Disability royal commission must be extended, advocates say
21 April 2021 at 1:09 pm
An extension has already been backed by Labor and the Greens
Disability groups have renewed calls for a 17-month extension to the disability royal commission, warning there is not enough time left for the inquiry to conduct its investigations thoroughly given the delays caused by COVID-19.
People with Disability Australia (PWDA) has launched a new campaign urging people to contact Attorney-General Michaelia Cash and ask for an inquiry extension, which would move the commission’s end date from April next year to 29 September 2023.
This request was first made by commission chair Ronald Sackville AO QC amid the release of the interim report in November last year.
The report noted that the inquiry has been deeply affected by the lockdowns and other consequences of the COVID-19 pandemic, with public hearings forced to be held online.
It was revealed last month that the federal government was yet to respond to Sackville’s request, despite him writing two letters to the prime minister and attorney general emphasising the importance of an urgent response.
Labor MPs Bill Shorten and Mark Dreyfus have also written a letter to the prime minister and attorney general backing an extended inquiry, while Greens Senator Jordon Steele-John has repeatedly said an extension must be granted immediately.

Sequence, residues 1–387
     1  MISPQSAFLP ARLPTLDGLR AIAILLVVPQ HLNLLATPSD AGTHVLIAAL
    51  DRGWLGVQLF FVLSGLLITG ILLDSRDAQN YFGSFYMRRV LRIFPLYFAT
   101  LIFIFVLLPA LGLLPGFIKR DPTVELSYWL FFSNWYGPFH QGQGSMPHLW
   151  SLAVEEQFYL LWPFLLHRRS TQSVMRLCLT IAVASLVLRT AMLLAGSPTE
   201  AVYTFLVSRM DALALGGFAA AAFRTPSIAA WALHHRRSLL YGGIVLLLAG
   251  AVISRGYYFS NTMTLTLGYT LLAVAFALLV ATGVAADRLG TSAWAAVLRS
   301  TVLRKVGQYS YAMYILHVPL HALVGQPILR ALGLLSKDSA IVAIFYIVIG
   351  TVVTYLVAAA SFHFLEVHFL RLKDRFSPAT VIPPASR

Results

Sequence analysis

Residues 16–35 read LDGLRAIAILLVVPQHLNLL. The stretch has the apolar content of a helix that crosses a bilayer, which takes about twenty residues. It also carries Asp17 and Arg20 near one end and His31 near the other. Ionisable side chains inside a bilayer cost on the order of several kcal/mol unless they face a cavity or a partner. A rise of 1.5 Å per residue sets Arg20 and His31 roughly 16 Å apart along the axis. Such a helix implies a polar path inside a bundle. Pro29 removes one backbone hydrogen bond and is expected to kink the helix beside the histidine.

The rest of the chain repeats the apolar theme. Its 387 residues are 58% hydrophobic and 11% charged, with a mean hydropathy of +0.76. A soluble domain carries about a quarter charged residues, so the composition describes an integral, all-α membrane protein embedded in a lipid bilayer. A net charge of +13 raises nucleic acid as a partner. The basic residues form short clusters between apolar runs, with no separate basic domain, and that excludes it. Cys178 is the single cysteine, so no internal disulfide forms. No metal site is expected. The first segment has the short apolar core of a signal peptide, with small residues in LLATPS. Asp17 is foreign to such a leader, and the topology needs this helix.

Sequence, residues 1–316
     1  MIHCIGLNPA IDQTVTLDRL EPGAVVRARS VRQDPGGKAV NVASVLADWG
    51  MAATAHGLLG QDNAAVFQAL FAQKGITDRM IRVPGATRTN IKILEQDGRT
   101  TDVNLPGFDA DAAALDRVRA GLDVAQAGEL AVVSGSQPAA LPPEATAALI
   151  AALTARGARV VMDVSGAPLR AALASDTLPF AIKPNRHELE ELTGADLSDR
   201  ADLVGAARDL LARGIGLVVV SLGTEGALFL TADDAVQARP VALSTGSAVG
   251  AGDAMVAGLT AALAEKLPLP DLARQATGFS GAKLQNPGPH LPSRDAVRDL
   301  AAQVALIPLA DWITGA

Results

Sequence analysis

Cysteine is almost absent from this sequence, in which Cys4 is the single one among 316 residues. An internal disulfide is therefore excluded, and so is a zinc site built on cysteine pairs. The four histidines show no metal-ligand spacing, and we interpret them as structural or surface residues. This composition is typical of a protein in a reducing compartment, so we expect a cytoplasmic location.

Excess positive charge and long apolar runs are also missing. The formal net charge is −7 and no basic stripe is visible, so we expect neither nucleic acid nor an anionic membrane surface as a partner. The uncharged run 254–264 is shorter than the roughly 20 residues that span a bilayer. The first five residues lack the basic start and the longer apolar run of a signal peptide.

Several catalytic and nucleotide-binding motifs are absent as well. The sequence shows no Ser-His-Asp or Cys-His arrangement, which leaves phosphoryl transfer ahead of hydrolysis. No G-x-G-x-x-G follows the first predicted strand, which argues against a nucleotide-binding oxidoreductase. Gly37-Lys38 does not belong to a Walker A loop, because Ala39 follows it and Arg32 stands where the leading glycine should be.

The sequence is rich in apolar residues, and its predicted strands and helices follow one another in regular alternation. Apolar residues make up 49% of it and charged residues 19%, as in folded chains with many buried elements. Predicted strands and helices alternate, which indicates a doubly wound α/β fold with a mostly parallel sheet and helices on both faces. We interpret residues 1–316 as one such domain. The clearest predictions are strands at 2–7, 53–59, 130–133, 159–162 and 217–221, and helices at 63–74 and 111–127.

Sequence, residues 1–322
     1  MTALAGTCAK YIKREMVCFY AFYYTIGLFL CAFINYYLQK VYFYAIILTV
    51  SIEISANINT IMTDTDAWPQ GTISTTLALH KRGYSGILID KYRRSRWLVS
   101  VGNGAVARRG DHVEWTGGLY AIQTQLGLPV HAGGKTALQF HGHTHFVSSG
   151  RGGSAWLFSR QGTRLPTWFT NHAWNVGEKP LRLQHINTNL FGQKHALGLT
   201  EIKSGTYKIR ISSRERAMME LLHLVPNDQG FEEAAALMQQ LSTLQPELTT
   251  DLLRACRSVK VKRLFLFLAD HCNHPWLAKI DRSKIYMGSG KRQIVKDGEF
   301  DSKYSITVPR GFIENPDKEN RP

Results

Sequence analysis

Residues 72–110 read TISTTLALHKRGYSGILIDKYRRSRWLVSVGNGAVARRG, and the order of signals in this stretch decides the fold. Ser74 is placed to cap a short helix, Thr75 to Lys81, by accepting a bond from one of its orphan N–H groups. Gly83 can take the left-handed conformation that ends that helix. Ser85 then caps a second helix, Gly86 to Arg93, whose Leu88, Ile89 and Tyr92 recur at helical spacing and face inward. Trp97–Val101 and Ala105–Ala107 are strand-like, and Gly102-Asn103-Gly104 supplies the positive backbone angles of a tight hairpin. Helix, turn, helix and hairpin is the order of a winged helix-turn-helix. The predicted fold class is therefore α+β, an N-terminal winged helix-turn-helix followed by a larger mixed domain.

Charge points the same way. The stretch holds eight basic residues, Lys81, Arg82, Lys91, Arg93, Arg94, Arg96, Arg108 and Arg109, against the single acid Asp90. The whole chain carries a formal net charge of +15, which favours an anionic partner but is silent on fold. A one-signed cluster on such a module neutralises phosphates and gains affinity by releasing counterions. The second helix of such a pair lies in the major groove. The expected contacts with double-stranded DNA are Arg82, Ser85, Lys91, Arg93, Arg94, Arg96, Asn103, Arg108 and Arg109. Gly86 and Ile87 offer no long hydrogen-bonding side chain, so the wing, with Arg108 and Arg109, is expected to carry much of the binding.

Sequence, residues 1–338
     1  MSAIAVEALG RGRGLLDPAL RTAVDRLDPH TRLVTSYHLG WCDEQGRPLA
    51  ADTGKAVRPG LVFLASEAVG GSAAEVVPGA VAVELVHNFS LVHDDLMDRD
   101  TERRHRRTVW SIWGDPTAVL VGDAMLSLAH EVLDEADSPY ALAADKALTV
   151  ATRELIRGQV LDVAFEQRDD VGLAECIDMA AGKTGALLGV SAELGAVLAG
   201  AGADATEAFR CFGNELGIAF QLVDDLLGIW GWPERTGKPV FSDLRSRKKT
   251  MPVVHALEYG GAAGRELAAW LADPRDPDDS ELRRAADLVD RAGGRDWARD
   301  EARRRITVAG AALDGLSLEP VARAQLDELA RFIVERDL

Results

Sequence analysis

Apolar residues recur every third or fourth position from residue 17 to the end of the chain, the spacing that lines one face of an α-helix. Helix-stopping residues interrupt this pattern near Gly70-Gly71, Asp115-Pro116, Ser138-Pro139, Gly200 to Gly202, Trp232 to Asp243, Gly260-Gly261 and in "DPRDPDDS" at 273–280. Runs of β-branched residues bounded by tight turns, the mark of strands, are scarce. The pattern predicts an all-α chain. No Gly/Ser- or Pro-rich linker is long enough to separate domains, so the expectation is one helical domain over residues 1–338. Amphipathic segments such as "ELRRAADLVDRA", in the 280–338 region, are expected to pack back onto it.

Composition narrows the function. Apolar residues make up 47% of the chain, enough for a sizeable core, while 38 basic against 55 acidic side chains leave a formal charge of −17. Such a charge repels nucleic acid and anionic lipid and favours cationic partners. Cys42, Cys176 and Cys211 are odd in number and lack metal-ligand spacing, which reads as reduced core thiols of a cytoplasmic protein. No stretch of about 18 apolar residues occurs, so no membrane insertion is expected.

PWDA CEO Sebastian Zagarella said there was too much at stake for the commission not to be extended.
“The commission has achieved a great deal in two years, but there have been significant delays due to COVID restrictions, and the sheer enormity of the task before them cannot be underestimated,” Zagarella said.
“The welfare and safety of the disability community depends on the commission having adequate time to conduct these investigations thoroughly.”
The inquiry has also been complicated by concerns around confidentiality of information provided to the commission.
Currently a person giving information can only be guaranteed confidentiality post-inquiry if this evidence was provided in a private session, but the federal government has vowed to amend this.
Zagarella notes that legislation to provide ongoing confidentiality is expected to be passed in May or June, when there is less than a year left on the commission’s current schedule.
He said he expected there to be an influx of submissions once the legislation is passed.
“People with disability want to tell their stories, but many are speaking out against abusers or organisations that still hold power over aspects of their lives,” he said.
“These protections are vital to peoples’ safety and security, and many have chosen to wait for the legislation to pass before making submissions.”
This campaign has been backed by Disability Advocacy Network Australia (DANA) CEO Mary Mallett.
She told Pro Bono News an extension must also come with ongoing funding for support services.
“To reap the benefits of the public investment already made in this historic royal commission, granting the requested extension of 17 months is absolutely essential,” Mallett said.
“It must also include funding for continued support services, including advocacy, counselling and legal support for people wishing to share their story.”
A spokesperson for the Attorney-General’s Department told Pro Bono News the federal government was “actively considering the request for an extension”.